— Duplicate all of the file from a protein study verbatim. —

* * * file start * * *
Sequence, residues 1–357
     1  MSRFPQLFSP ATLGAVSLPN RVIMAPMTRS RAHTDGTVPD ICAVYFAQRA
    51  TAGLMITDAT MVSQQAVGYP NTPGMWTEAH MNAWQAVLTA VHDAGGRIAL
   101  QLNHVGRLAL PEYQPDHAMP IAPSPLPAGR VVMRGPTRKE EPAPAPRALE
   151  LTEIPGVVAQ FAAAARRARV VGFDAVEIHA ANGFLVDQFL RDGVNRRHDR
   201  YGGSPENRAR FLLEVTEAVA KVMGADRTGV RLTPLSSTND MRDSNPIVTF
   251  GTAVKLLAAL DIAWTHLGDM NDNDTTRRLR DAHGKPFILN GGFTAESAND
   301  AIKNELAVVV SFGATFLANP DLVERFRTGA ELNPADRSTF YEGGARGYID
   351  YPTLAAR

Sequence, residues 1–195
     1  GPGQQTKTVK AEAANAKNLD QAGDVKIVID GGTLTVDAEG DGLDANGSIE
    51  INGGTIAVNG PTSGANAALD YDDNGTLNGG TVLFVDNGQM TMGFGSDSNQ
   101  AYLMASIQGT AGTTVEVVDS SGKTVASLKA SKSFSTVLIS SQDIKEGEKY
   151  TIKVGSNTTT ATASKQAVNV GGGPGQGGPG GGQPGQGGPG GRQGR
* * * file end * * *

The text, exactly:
Sequence, residues 1–357
     1  MSRFPQLFSP ATLGAVSLPN RVIMAPMTRS RAHTDGTVPD ICAVYFAQRA
    51  TAGLMITDAT MVSQQAVGYP NTPGMWTEAH MNAWQAVLTA VHDAGGRIAL
   101  QLNHVGRLAL PEYQPDHAMP IAPSPLPAGR VVMRGPTRKE EPAPAPRALE
   151  LTEIPGVVAQ FAAAARRARV VGFDAVEIHA ANGFLVDQFL RDGVNRRHDR
   201  YGGSPENRAR FLLEVTEAVA KVMGADRTGV RLTPLSSTND MRDSNPIVTF
   251  GTAVKLLAAL DIAWTHLGDM NDNDTTRRLR DAHGKPFILN GGFTAESAND
   301  AIKNELAVVV SFGATFLANP DLVERFRTGA ELNPADRSTF YEGGARGYID
   351  YPTLAAR

Sequence, residues 1–195
     1  GPGQQTKTVK AEAANAKNLD QAGDVKIVID GGTLTVDAEG DGLDANGSIE
    51  INGGTIAVNG PTSGANAALD YDDNGTLNGG TVLFVDNGQM TMGFGSDSNQ
   101  AYLMASIQGT AGTTVEVVDS SGKTVASLKA SKSFSTVLIS SQDIKEGEKY
   151  TIKVGSNTTT ATASKQAVNV GGGPGQGGPG GGQPGQGGPG GRQGR